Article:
Many design options – Thanks to a wide range of decorative techniques, design options, and finishes, you can make your concrete countertop look as beautiful as the natural stone countertop. For instance, you can acid stain your concrete countertop to make it look similar to slate or granite countertops, with colors ranging from light to dark. What’s more, you can tint your concrete countertop with a wide range of colors to match your cabinets, flooring or décor. At the same time, you can use various texturing techniques to increase the beauty and uniqueness of your concrete countertop. To enhance the beauty of your concrete countertop, you can embed materials such as recycled glass, stone, and shells in the concrete. Overall, you can integrate your concrete countertop with virtually any stain or color. Moreover, you can cast your countertop in any shape or size.
Durable – Because concrete is inherently robust and durable, it is resistant to scratching and chipping. To put it another way, it can last decades with little maintenance. This means you would not necessarily have to repair or replace your concrete countertop regularly, meaning you can save a lot of money in the long run.
Heat resistant – Concrete is a bad conductor of heat, meaning it is heat resistant. Because it is not susceptible to heat damage, it is an ideal countertop material for bathroom and kitchen countertops.
Environmentally friendly – Concrete is not only an environmentally friendly material but also completely recyclable. However, some concrete countertops do contain other toxic substances. For this reason, you should be careful when buying concrete countertops.
Minimal seaming – If your concrete countertop has seams, you can use a seam filler to minimize the appearance of the seams, making them almost invisible.
Unique look – Concrete countertops tend to develop a patina over time, giving them a unique look.
Expensive – With prices ranging anywhere from $75 to $150 per square foot, concrete countertops are relatively costly, especially when compared to natural stones such as granite and marble. For comparison, the price of granite countertops ranges from $45 to $200 per square foot, whereas the cost of marble ranges between $40 and $100 per square foot.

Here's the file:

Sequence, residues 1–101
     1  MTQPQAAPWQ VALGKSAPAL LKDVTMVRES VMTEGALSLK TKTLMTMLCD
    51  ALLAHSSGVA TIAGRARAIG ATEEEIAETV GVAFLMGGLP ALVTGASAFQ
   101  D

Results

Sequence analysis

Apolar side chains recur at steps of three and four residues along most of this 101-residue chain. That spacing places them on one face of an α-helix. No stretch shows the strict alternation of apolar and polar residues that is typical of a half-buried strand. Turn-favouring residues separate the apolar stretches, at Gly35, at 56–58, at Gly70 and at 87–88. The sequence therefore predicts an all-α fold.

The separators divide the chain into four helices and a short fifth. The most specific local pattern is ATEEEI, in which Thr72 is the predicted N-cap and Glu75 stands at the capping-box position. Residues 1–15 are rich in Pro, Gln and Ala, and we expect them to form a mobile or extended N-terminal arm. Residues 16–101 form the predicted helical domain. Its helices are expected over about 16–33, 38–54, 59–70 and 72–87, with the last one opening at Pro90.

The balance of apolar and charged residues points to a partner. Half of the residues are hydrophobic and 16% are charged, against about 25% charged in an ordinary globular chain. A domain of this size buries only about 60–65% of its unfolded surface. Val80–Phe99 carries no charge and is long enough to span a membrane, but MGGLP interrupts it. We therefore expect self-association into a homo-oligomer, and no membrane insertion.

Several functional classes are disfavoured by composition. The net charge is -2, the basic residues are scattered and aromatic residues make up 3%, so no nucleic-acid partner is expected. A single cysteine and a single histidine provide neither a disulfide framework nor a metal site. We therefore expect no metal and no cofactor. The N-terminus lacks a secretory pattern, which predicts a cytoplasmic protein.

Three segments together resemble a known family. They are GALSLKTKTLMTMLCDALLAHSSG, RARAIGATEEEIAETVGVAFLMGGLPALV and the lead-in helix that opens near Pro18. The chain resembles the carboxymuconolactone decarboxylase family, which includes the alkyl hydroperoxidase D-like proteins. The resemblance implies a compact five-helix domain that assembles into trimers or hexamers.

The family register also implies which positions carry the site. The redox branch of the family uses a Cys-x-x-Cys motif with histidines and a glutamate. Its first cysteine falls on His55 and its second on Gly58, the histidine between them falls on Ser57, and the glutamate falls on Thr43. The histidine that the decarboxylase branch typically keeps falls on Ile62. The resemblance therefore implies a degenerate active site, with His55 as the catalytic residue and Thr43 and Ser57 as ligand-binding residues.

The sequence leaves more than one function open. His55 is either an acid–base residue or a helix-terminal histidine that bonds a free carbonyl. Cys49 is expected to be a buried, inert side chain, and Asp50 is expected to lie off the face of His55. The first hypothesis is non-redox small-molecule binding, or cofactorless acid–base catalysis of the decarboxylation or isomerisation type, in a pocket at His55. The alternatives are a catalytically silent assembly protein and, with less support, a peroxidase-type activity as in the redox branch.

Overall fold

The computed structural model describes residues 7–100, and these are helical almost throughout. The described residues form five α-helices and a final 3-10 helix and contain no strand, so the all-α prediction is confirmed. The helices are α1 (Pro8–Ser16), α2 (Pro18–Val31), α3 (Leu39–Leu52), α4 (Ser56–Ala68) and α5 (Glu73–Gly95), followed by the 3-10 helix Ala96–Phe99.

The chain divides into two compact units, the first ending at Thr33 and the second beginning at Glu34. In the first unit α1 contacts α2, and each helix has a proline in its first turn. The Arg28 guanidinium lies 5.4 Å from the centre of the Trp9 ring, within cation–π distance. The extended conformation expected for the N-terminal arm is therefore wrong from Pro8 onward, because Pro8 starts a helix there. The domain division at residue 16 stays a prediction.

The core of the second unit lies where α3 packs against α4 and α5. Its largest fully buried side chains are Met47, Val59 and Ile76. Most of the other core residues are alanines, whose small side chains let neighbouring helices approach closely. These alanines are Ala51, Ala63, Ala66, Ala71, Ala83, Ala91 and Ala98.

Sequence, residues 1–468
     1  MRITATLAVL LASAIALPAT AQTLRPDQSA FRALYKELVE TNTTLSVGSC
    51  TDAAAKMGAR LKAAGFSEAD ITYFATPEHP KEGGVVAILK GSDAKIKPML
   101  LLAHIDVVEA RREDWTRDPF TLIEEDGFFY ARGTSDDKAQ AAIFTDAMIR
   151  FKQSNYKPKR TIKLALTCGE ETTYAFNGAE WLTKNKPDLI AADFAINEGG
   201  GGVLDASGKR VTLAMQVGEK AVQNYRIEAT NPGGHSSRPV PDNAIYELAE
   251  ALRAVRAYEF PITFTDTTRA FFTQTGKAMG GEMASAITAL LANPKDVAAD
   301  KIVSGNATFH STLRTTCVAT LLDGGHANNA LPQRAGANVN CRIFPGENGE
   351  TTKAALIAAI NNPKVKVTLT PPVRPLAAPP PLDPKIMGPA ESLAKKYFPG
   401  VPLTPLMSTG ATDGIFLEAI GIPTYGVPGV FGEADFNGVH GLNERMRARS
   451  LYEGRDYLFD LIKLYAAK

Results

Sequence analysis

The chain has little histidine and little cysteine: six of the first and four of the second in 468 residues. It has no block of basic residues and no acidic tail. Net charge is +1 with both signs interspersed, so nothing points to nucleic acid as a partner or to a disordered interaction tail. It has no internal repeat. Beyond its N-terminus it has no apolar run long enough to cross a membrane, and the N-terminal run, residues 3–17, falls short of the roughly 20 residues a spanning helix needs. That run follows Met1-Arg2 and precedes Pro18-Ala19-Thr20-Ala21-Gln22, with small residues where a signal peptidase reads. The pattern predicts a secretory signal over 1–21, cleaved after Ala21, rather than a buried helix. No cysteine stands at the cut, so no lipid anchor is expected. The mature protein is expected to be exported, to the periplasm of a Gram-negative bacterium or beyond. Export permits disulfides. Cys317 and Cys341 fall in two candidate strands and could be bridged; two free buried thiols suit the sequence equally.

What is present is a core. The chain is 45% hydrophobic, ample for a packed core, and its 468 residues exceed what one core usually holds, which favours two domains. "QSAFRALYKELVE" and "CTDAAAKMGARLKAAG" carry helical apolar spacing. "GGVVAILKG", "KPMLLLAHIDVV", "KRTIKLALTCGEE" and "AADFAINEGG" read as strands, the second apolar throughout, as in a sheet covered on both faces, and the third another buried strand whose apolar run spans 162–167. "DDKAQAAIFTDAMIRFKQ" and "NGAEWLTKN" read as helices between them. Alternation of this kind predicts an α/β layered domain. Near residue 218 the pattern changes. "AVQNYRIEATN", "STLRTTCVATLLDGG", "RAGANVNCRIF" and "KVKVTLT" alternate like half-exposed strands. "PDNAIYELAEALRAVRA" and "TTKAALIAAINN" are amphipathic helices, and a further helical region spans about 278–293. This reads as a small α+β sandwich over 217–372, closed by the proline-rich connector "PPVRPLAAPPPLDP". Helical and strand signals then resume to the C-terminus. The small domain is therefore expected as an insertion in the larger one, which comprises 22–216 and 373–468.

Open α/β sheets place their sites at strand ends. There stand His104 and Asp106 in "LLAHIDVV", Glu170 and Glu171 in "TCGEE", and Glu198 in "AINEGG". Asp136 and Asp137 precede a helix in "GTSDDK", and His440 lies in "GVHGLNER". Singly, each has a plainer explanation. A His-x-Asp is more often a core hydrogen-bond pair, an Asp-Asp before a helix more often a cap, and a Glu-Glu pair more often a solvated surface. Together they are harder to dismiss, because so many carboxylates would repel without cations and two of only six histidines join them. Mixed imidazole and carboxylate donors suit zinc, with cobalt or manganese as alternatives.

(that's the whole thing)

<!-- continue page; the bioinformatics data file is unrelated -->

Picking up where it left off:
Requires sealing – In its natural state, concrete is a highly porous material. This means it needs sealing to waterproof it and make it stain resistant.
Sensitive to heat — Granted, in its natural state, concrete is heat resistant. However, sealing makes concrete countertops susceptible to heat damage.
Prone to cracking – Concrete is susceptible to cracking. To minimize the risk of breaking, countertop manufacturers use materials such as fiberglass and wire mesh. However, this does not eliminate the threat.
How Much Do Concrete Countertops Cost?
Concrete countertops cost anything between $65 and $85 per square foot, minus installation costs. However, if you go for a customized option, expect to pay upwards of $130 per square foot. On average, these countertops cost about $100. If you intend to hire a professional installer to install your countertop, expect to pay the installer anything between $40 and $50 per hour.
Are Concrete Countertops Less Expensive Than Granite Countertops?
As mentioned above, the average cost of concrete countertops is about $100 per square foot, exclusive of installation costs. On the other hand, the average price of granite countertops is around $75 per square foot. This means that concrete countertops are generally more expensive than granite countertops.
A concrete countertop is essentially a countertop made from the concrete material. Such a countertop is durable, heat resistant, environmentally friendly and beautiful. However, it is also expensive, prone to cracking and sensitive to heat.